The microwaves being transmitted at the sail would force the orbital beam platform backward, why not attach a crew hab to the platform and use the beam itself as a means of propulsion to get to Mars? This would also solve the problems of slowing down when you get there and focusing the beam on a distant object.


Woo-hoo! Photonic drive! That's one I came up with a while back.... The basic problem is that you need insane amounts of energy to cause the photons to get you anywhere. Even ion drives use Xenone as a reaction mass simply because it's really heavy. K=0.5*m*v^2. With light, your velocity is high, but the mass is infinitesimally small. A pretty big number (186273mi/hr^2=34697630529mi^2/hr^2) divided by a really really really REALLY small number (the mass of a photon) is still a pretty small number.

Besides all that, you'd fry anything behind you.

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Post    Posted on: Mon Feb 14, 2005 2:42 pm
When I said “heavy transmitting and receiving equipment” I was really thinking of the 200 meter diameter photocell array that would be required at Mars to catch a laser beam from Earth. A 200 meter diameter photocell array would provide plenty of energy with sunlight alone. No need for the extra expense of a laser transmitting from Earth orbit.


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Post    Posted on: Mon Feb 14, 2005 3:15 pm
The photocell array at Mars would have to be produced there are it would have been to be transported there. The efficiency of the cells would have to be taken into account - the experimental rover that can make photo cells out of the lunar dust and install them will produce photo cells of an efficiency of 1 percent only whereas photo cells produced with earthian equipment and fabrics have an efficiency of 20 percent.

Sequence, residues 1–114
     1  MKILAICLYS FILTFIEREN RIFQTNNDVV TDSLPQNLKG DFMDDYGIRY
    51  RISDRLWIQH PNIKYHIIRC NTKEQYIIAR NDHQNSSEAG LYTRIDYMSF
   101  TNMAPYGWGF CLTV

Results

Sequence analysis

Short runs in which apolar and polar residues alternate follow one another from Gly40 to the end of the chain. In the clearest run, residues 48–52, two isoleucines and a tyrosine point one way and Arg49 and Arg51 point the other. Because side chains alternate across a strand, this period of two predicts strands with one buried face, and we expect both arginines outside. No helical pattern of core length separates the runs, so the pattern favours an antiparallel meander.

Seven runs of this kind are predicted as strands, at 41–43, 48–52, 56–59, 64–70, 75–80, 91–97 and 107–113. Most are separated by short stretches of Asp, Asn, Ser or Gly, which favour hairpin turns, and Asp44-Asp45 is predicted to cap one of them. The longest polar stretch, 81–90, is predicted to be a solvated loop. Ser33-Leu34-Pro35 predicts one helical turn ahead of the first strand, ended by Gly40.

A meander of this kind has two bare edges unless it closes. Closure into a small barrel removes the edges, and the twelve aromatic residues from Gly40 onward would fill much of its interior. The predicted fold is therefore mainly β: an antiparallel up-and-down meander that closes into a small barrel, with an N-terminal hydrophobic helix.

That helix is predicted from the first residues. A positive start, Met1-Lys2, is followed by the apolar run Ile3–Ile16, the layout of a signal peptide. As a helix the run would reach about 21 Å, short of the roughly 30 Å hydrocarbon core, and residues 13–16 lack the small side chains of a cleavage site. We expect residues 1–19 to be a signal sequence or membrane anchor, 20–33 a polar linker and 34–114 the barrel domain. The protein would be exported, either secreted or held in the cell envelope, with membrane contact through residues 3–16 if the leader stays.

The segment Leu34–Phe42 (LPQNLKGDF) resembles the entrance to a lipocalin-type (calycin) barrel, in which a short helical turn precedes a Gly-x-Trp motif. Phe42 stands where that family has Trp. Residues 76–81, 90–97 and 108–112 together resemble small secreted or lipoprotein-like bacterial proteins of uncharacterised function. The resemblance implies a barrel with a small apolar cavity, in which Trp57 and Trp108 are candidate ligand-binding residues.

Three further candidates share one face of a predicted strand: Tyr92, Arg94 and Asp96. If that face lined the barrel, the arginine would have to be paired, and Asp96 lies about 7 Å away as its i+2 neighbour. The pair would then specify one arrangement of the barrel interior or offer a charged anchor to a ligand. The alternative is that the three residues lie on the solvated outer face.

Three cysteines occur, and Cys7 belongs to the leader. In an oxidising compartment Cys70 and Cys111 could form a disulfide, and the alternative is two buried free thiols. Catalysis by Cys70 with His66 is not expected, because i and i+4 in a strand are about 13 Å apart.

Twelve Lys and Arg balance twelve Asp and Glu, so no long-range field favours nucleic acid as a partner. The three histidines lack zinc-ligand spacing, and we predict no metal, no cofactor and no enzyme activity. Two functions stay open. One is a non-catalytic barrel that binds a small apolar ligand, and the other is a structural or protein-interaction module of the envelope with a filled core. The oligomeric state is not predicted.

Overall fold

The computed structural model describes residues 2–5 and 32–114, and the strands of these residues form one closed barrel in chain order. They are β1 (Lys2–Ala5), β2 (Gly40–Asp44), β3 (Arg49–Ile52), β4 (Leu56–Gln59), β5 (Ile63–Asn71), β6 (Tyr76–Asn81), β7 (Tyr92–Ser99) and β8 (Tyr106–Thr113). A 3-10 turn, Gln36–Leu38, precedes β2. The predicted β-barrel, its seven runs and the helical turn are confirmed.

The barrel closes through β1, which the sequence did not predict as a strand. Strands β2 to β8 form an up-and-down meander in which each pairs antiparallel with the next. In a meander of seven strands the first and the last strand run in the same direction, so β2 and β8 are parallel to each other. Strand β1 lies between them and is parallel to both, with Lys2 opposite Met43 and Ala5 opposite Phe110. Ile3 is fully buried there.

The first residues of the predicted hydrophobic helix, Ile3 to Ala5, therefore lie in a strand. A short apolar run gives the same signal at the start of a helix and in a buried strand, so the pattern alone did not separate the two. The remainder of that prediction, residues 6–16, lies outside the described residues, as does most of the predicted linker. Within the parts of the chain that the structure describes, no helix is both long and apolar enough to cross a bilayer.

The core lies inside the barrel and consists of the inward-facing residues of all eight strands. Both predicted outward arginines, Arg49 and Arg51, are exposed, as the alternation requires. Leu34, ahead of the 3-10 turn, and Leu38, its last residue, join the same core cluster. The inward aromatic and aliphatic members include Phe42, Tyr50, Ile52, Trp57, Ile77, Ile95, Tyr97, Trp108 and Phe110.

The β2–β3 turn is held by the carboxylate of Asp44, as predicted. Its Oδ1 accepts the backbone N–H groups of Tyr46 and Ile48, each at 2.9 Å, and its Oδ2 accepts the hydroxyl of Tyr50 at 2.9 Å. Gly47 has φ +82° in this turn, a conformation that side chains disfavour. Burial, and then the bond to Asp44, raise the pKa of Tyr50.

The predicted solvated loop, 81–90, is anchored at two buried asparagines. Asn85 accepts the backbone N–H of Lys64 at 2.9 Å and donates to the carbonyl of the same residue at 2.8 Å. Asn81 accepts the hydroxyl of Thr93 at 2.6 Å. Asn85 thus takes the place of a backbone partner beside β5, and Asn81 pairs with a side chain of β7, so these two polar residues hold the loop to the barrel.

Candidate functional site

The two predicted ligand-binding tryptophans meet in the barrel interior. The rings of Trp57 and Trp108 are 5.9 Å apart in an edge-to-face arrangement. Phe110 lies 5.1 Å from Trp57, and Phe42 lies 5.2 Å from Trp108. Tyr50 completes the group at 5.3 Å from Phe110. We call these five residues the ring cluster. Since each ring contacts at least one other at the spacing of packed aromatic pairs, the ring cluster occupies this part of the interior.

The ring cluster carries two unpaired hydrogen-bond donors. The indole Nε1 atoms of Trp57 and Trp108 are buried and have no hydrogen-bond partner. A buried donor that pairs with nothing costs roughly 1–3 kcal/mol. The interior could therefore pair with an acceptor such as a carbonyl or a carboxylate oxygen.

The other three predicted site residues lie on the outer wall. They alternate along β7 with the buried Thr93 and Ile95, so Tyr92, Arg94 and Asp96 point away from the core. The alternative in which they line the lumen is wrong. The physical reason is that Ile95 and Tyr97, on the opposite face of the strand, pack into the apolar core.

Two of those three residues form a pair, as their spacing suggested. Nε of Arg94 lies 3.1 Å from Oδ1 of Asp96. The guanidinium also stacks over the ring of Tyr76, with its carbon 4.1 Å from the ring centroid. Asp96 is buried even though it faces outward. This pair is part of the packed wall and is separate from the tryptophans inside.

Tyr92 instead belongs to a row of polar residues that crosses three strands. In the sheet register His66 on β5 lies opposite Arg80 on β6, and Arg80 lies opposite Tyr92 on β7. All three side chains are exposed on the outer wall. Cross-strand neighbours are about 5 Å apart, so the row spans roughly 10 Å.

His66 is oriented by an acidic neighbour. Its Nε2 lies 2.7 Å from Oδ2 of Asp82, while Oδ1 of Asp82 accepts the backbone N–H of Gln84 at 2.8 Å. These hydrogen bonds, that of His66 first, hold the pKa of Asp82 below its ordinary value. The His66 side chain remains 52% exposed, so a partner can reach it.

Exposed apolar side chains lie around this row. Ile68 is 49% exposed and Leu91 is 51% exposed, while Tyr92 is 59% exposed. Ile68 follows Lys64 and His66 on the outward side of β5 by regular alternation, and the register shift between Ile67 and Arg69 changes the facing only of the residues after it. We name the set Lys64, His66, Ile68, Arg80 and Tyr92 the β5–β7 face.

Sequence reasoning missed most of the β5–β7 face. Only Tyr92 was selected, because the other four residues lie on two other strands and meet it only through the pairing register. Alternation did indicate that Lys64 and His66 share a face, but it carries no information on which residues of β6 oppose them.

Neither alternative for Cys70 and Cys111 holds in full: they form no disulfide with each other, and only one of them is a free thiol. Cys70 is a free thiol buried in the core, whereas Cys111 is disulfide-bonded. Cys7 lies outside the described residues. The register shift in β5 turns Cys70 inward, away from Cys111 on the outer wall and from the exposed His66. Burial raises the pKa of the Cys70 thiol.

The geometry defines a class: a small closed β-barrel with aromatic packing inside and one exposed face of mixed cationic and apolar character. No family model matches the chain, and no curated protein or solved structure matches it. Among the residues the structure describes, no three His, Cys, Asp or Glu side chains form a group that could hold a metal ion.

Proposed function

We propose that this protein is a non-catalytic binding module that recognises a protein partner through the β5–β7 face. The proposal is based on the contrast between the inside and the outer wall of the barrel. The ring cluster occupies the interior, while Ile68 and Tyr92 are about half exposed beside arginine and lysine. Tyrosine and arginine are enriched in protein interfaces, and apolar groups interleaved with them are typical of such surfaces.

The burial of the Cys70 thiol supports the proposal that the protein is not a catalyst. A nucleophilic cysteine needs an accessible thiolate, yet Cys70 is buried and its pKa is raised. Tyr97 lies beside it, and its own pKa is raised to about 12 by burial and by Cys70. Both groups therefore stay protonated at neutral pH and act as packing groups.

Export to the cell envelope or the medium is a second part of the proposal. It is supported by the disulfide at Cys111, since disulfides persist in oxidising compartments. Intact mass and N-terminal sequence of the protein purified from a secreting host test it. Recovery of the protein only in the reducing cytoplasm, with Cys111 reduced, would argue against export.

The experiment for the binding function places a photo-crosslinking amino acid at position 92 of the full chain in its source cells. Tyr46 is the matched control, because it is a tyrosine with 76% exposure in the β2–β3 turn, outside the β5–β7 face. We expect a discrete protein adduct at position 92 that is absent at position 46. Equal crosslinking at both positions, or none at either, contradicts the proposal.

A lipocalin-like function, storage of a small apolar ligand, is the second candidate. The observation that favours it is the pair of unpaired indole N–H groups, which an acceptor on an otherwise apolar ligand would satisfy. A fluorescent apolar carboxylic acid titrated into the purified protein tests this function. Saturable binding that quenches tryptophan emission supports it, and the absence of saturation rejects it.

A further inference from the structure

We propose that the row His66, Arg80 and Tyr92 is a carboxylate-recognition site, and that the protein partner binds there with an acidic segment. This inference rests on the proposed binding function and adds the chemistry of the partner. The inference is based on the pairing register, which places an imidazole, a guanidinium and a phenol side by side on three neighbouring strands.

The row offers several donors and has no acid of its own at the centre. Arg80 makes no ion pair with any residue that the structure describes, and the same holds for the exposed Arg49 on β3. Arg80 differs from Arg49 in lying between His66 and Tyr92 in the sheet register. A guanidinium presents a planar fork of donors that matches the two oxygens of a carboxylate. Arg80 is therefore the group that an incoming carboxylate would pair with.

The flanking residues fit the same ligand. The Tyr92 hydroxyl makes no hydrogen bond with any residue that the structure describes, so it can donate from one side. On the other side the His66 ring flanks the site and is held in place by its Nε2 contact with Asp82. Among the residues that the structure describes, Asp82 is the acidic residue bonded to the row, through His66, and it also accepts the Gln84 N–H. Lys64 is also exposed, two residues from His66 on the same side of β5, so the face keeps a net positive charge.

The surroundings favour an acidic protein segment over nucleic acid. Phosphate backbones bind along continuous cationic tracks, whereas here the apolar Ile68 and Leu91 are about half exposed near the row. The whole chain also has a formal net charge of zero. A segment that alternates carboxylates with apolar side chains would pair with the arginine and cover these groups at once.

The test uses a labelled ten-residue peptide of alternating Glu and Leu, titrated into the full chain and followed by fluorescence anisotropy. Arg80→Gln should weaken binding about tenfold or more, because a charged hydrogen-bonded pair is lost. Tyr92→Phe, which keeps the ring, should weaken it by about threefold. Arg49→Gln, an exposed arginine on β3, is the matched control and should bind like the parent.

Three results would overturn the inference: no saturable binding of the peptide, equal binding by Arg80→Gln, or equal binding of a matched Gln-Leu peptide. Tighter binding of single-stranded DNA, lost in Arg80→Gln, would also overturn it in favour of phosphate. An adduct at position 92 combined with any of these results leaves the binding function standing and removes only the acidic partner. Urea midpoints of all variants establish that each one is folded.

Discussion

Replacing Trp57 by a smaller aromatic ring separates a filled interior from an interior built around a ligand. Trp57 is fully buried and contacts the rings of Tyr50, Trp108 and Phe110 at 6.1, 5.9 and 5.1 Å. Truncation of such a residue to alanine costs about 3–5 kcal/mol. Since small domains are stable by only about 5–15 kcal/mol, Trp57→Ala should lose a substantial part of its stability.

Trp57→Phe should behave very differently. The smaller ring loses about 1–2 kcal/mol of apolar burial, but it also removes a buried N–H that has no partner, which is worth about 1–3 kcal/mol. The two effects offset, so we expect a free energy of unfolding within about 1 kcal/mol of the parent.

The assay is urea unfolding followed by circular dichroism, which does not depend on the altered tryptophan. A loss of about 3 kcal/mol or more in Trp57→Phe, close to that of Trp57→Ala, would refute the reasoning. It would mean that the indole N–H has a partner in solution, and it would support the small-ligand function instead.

At moon it would have to be considered that it is rotating once within one month - which means that the photo cells to be installed at the surface would be at the night side for several days. They wouldn't produce electricity during that time. So electricity would have to be transported from the day side to the night side then. Via cable? How long will it take to install them? And wouldn't the have to be under the surface to be protected against the charged solar particles? It would be easier to beam the electricity from day side to night side via mirrors and lenses. And this would require to have a large number of photo cell spots on the lunar surface.

For this reason it would be easier to generate the electricity in space at a point where photo cells produced by earthian equipment generate it and beam it to the point at the night side where it is required.

The rotation period of Mars is 24.5 hours only - but still electricity for the night side has to be provided. The same questions as above arise.

But because of the distance at Mars only around half the amount of sunlight is available compared to the moon.

The 200 meter array at Mars could be installed in its orbit if the cells are made with earthian equipment on Earth (having 20 % efficiency then) and the receiving cell arrays could be smaller because of the short distance from surface to orbit.

A mix of martian/lunar 1%-effiency cells with earthian 20%-efficiency cells can be used as well as a mix of beamed electricity with locally produced electricity. Each relay station could add electricity to the beam that it has produced itself - an additional thought only.



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Post    Posted on: Mon Feb 14, 2005 3:28 pm
Ekkehard Augustin wrote:
the receiving cell arrays could be smaller

No, they can’t. The minimum diameter is 200 meters because a laser beam from Earth will spread out to 200 meters in diameter at Mars, as I have stated before in this thread.

Now if you are on the Moon, it may work. The array can be much smaller. But not Mars.


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Post    Posted on: Tue Feb 15, 2005 2:40 pm
The array of 200 meters diameter would be that in the martian orbit in the context you are quoting my words out of. The receiving cells I mentioned would be on the Mars itself and the would receive the beam from the array in the orbit. Because of this I have been speaking of the short distance. And this short distance is the reason why the arrays on the martian surface could be smaller.